These tropical icons are major agricultural products in the Dominican Republic, and sampling them is one of the pleasures of a visit. Most of the coffee is cultivated in the mountains a few hours’ drive south of Puerto Plata, near the town of Jarabacoa. The heart of cocoa production is even farther south. A visit to either area is an ambitious day trip; all but the most avid aficionados could probably better spend their time closer to Puerto Plata. Outback Safari offers tours that let you visit a local family for coffee and conversation in their home. If rum is more to your liking, the Dominican Republic’s major brand, Brugal, has a bottling plant just outside Puerto Plata that is open for free tours and tastings.

To buy cocoa, coffee or rum for a fraction of what they cost in the hotel shops, visit the Tropical Supermarket, which shares a parking lot with La Llena restaurant, or La Sirena, a local version of Walmart just across from the Puerto Plata waterfront. You’ll find organically grown Monte Alto coffee.

Other attractions in Puerto Plata include Mount Isabel de Torres, presided over by a statue of Christ (much like Rio de Janeiro’s) and reached by a cable car ride (and, only recently, by paved road). It offers sweeping views of the area. Another is Ocean World Adventure Park, Marina and Casino, at Playa Cofresi, which has dolphin and sea lion shows, shark encounters and a Vegas–style cabaret performance that’s as good as any in the Caribbean.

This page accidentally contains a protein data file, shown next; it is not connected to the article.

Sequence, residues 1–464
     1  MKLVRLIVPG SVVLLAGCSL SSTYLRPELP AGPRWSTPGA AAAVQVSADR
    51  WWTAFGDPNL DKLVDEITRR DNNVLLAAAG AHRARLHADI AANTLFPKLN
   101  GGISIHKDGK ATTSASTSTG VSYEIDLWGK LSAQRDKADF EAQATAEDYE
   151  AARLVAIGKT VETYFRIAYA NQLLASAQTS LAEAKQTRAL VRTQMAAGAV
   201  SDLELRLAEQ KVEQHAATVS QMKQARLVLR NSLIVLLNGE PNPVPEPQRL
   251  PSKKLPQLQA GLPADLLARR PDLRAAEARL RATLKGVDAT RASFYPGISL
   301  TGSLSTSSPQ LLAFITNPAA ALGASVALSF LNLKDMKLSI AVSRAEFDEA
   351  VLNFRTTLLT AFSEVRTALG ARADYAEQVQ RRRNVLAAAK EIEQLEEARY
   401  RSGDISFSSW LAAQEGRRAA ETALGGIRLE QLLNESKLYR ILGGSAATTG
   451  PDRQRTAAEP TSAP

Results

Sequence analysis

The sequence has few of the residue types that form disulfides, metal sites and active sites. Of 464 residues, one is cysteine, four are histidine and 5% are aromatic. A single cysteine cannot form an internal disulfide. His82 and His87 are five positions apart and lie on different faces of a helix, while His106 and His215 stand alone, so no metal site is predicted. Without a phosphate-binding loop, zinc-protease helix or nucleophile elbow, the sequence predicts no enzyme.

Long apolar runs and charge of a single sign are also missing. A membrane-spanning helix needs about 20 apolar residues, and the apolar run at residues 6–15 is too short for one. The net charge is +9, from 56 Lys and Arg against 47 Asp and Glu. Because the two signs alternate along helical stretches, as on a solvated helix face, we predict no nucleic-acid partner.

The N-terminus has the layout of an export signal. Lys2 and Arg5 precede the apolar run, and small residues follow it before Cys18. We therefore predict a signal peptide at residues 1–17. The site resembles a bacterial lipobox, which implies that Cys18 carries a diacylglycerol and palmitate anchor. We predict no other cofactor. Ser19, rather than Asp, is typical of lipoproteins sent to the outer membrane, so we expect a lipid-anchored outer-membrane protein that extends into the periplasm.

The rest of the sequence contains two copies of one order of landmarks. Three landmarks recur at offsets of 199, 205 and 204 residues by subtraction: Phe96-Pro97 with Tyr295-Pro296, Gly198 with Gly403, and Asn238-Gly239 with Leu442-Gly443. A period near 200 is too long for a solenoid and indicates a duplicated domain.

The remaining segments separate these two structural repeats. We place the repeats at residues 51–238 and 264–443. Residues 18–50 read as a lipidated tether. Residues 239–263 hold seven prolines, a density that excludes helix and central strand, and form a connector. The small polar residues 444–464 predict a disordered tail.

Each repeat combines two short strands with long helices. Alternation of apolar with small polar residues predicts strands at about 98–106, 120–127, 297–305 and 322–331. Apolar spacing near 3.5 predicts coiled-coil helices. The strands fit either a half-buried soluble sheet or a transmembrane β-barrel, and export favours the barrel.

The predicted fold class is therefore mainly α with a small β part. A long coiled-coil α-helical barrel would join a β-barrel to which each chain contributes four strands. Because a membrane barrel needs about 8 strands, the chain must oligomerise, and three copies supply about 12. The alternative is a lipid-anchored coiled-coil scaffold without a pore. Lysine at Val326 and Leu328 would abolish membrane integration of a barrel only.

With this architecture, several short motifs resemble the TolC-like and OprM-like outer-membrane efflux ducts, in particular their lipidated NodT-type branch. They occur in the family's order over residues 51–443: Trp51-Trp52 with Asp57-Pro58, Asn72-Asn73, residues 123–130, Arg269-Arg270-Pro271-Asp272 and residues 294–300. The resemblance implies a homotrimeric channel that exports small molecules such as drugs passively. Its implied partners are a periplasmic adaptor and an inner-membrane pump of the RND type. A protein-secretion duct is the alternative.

One popular souvenir is larimar, a blue stone found only here that is used in jewelry. Another is amber: The Dominican Republic is one of the world’s few sources of this transparent resin in which ancient plants and animals have been trapped—in fact, the area where Puerto Plata is located is sometimes called the Amber Coast. Jewelry and other items made of amber are available in many shops; just look out for counterfeit amber, made of acrylic plastic. A good place to see it is the Amber Museum, in a former merchant’s mansion; the museum’s extensive shop sells the genuine article.